Journalist Press Freedoms – A Newfound Battle

As tensions rise between media and law enforcement, the numbers of injustices quickly add up.


Image via Unsplash

Police lined up near cop cars.

During the weekend of June 1st, 2020, a 21-year-old student and weekend editor for a television company named Balin Brake lost an eye due to a tear gas can hitting him in the face during a protest for Black Lives Matter in Indiana. This event is one of the many examples of the recent aggression towards journalists during this time of change.  

According to the U.S. Press Freedom Trackerover 930 reported press freedom violations have been recorded from national social justice protests in 2020. From arrests to assaults, journalists have been affected over and over by this chaotic society we live in. Andrea Mason, a journalism professor at ACC and the faculty advisor for the Arapahoe Pinnacle (Disclaimer: Andrea is also my professor) says, “It really makes me value the on the ground reporting that is going on and the bravery of journalists committed to accurate, first-hand reporting.” Mason tells of how her consumption of the current events in the media as a citizen affects her. “We are supposed to live in a democracy with a free press and seeing evidence of lack of respect for professionals doing their jobs made me fear for my own civil liberties,” Mason explains.  

86 journalists have been arrested in 2020 reported by the U.S. Press Freedom Tracker. In an incident on May 29th, 2020, a black CNN reporter was arrested on air without any given reason. Omar Jimenez was reporting the George Floyd protests in Minneapolis when police arrested him as the camera was still recording. While this arrest ended partially non-confrontational, many different journalists-police situations have ended violently. freelance reporter in Louisville, Kentucky named Linda Tirado was shot at by police with rubber bullets while still on-air as well on May 30th, 2020Tirado was also shot in the eye, and at the time this story was reported was said to possibly lose her vision. When asked about his feelings towards seeing journalists being injured or arrested, Lucas Miller, Editor-in-chief for The Arapahoe Pinnacle, comments, “Seeing journalists be assaulted or arrested honestly only makes me more sympathetic to their cause and less keen on whoever did that to them,” Miller continues, “The story is there, in the heart and heat of it all, and skirting around it only allows the issues to continue and swell into something more sinister.” This was shown as 13 of the journalists currently face criminal charges.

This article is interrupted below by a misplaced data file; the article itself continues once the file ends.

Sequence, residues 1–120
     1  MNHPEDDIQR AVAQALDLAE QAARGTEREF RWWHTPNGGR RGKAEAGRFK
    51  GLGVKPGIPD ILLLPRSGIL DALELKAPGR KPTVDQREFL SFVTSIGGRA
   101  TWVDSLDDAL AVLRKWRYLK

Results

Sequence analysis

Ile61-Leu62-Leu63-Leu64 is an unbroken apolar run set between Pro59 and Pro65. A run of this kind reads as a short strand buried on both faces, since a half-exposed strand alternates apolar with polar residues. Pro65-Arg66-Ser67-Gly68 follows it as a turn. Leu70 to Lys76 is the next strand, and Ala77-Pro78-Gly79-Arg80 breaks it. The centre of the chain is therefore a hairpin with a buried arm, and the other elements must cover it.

On top of arrests and injuries, damages to equipment have been reported 70 times as well as equipment being seized or searched 12 times. A photojournalist named Alex Milan Tracy in Portland had his go-pro seized as “police evidence” while covering a protest. These sorts of events have been more frequent, yet as consumers of news, the people don’t see these events unless they are recorded or televised. Mason comments on this topic saying, “The police and security need to realize the press is not the enemy. The press is just documenting events for those who can’t be there.” When asked about how she sees journalists’ rights changing based on the mass wave of journalism injustice, she says, “The press might have more freedom under the new administration. Trump was very anti-media and created an anti-media sentiment in the U.S.”

Denver has been a site for protests, even recently. People have marched, screamed, and protests have turned violent here just as they have everywhere in the world. People have been run over with cars, tear-gassed, and arrested unlawfully. As things were getting worse within these demands for change, Colorado has changed some things. According to, police were restricted from using rubber bullets, pepper spray, and other harmful tools against peaceful protesters. Denver Police Department banned choke-holds and carotid pressure techniques as well. These are just a few of many changes to come.

The thought of different changes to make journalists less at risk for injury and arrest are ones that the media industry can only hope for. When asked about this, Lucas Miller replies, “To be honest, any journalist trying to avoid a situation where they might be arrested or harassed is not doing the job right”. In addition, Andrea Mason states, “I am not sure if there is a way to avoid it beyond cooperating with police and making press credentials visible at all times. People seem to think journalists of color have been arrested and detained more than white journalists.” She continues, “This did not use to be an issue in the U.S. and has only become prevalent recently.” As protests continue and the tension rises, Mason said it best, “We can hope this is just a phase.”